Whither VR/AR?

“Despite many pronouncements that 2016 was the year of VR, a more apt word for virtual reality might be absence,” The Economist observed caustically last summer, noting that during that year forecasts of combined sales of VR hardware and software dropped from $5.1bn to $3.6bn to the harsh reality of $1.8bn. But hey, one rough holiday season does not an industry make, right? Surely in 2017 things began to —

— oh. “Shock Stat: In 2017, VR Headset Shipments For Most Top Brands Went DOWN Compared To 2016.” So much for the many predictions that VR headset shipments would grow exponentially for years. Crow appears to be the appetizer for nearly every industry dinner these days. But that was before the Oculus Go, right? Except … the Go seems to have sold at most a quarter of a million units in its first few weeks, far behind the comparably priced Nintendo Switch released months earlier, and as I write this languishes well outside the top 20 of Amazon’s “Video Games > Accessories” bestsellers.

I mean. These aren’t terrible numbers. Sony’s PlayStation VR has sold almost 3 million units! … which is to say, it’s reached almost 4% of PlayStation owners. But aren’t VR and AR supposed to be the Next Big Thing, not the Next Little Niche? And doesn’t that mean their reach is supposed to grow exponentially, not linearly?

AR is in everyone’s hands, of course, courtesy of Apple’s ARKit, Google’s ARCore, Facebook’s AR Studio, etc. But, quick, name a popular/successful AR smartphone app a) that isn’t Pokémon GO b) doesn’t involve furniture!

If I’m pointing accusatory fingers at anyone I’m pointing them at myself. I too expected VR/AR to be much further along by now. I though we’d see hit games that could only be played in VR. I thought Pokémon GO, which launched twenty-three months ago, was the harbinger of a whole new wave of AR worlds, some of which would then begin to interrelate and cross over. In the long run maybe it will still seem that way. But in the short term —

— well, I dropped by the Augmented World Expo in Santa Clara this week, and my main takeaway was that the industry has essentially abandoned the consumer AR/VR space, at least for now. Everyone’s aiming at AR/VR for work now. But how many jobs are there, really, where complex information needs to be accessed in a hands-free way? How many problems can be solved by VR conferencing but not videoconferencing? Sure, they exist, and the tech can be spectacularly great for them; but, again, for now at least, we’re talking Next Little Niche.

I did see one really eye-opening thing, which led me to the sudden belief that the humble QR code will achieve its apotheosis in mixed reality:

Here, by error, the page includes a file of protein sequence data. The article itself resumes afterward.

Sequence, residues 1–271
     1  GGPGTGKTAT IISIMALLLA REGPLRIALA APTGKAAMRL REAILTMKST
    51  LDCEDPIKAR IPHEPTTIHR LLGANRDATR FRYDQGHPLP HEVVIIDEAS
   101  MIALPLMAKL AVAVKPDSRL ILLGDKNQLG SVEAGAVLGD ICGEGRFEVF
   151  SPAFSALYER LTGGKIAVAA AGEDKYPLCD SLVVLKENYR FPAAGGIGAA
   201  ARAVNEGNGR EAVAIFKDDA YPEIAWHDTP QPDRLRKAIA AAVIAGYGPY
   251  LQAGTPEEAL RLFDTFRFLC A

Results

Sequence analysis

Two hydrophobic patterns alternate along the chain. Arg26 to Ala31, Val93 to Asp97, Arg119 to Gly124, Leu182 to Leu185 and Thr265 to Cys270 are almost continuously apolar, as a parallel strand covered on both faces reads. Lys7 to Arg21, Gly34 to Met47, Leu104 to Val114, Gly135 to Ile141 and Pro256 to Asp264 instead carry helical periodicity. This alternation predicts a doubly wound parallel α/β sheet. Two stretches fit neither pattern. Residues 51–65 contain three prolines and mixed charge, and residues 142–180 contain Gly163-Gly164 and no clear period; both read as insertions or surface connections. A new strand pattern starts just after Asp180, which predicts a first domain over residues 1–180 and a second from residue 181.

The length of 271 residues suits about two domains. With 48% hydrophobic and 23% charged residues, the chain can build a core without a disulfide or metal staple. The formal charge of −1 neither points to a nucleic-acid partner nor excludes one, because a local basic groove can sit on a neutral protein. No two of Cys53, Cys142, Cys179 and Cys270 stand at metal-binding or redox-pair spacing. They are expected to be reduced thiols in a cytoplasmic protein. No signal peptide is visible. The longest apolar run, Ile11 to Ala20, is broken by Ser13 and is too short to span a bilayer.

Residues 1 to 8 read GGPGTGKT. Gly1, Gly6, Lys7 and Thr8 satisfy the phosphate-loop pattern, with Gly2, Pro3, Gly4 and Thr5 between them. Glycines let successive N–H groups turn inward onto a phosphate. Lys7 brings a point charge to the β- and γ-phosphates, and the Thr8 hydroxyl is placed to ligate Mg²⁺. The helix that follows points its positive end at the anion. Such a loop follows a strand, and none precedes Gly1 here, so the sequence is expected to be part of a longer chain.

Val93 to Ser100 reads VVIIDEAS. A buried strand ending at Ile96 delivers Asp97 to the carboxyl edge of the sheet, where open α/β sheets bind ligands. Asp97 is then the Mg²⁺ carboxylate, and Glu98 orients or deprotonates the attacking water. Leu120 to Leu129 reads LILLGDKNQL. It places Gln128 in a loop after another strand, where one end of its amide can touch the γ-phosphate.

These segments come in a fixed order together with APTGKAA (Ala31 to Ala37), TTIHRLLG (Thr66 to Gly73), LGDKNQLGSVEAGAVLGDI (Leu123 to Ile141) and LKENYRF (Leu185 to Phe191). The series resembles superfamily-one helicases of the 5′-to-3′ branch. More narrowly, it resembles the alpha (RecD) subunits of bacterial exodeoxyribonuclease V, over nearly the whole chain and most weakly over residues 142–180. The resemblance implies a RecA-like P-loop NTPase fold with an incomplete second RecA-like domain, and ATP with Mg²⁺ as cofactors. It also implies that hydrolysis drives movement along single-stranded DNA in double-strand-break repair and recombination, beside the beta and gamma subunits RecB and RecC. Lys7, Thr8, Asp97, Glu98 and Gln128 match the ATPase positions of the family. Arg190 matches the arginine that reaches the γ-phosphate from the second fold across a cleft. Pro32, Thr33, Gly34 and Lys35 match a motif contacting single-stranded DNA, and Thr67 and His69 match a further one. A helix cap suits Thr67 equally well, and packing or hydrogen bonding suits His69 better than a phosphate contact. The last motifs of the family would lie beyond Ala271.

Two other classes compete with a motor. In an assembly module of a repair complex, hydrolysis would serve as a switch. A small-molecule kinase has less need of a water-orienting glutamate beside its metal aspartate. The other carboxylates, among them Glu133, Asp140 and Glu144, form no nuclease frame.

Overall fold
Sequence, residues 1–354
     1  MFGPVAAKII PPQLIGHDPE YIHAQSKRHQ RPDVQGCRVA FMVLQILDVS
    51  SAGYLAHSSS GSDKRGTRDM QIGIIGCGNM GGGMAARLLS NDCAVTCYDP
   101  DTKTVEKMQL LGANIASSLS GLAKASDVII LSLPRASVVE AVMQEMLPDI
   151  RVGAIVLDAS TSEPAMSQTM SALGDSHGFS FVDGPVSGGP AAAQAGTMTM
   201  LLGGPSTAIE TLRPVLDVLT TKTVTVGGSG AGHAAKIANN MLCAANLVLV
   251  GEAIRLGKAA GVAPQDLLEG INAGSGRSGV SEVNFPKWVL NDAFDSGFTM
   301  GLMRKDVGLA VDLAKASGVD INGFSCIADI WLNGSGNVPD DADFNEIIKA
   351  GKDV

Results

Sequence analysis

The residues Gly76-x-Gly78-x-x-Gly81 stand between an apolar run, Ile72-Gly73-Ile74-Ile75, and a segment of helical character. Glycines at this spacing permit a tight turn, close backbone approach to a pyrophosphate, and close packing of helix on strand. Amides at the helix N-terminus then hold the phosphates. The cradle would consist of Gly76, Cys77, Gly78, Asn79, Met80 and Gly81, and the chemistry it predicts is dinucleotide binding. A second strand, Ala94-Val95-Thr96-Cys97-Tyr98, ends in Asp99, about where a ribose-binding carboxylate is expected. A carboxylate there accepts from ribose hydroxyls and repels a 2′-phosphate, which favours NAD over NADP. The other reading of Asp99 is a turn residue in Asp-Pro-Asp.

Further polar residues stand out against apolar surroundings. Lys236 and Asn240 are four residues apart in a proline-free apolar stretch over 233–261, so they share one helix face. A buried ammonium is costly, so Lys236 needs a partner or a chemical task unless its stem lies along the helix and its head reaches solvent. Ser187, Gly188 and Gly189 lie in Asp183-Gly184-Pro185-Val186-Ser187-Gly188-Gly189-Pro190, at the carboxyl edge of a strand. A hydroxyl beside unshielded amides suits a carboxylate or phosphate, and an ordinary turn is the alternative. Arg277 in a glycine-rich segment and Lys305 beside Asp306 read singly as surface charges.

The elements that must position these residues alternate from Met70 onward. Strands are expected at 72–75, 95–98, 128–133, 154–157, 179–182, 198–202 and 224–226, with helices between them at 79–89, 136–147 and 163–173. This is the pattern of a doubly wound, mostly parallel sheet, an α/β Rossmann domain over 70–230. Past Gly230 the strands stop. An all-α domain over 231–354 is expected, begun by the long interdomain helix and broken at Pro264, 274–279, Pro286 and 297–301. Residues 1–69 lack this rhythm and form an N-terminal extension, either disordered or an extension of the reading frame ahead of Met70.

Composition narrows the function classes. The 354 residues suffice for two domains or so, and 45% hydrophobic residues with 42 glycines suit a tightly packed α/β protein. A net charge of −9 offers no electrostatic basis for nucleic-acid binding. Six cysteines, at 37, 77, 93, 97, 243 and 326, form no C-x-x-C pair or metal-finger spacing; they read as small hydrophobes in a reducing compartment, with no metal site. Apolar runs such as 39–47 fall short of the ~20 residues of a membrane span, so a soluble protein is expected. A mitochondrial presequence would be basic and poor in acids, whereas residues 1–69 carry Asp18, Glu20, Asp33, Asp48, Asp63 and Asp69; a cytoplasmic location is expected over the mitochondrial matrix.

…but what use is a bridge between two worlds when nobody bothers spending any time in one of them?

“But gaming!” you say. “I mean, immersive storytelling!” Sure. I’m super excited about that too; I’m a novelist in my spare time, after all. And that is the industry bright spot right now; “location-based VR,” i.e. “VR arcades,” are growing in number, and they seem like an obvious fit with the recent upsurge of immersive theater such as Punchdrunk‘s Sleep No More, Meow Wolf‘s House of Eternal Return, and The Latitude.

…But all the VR / mixed-reality immersive storytelling I’ve seen has been really cool for about 15 minutes max, heavy on hype and buzzwords, and basically failed at telling anything more than the crudest of stories. “Rather than storytelling, you’re storyliving,” enthused some Industrial Light & Magic folks at an event I went to a few months ago, and that sure sounds nice — but the VR ‘storyliving’ I’ve seen to date is all far, far less sophisticated than that of even my teenage Dungeons & Dragons campaigns.

I know. It’s the very early days of a new technology. It’s expensive. It’s still hardware-intensive. We’re still figuring out its best uses, and how it interacts with human physical location, and a whole new grammar of storytelling. But the Oculus Kickstarter launched almost six years ago, and I’ve seen a whole lot of VR/AR/mixed-reality demos since then, and every time, I walk away thinking: “This technology has so much potential.”

But in order to be the Next Big Thing at some point you have to actually start realizing your potential. Maybe Magic Leap will do it. (Not joking. At least, not entirely.) Otherwise, though, the disheartening truth is that, despite the low-price new standalone hardware, despite all the effort that’s gone into software and design and storytelling, I still don’t feel like we’re meaningfully closer to that than we were two years ago. Please, somebody show me I’m wrong.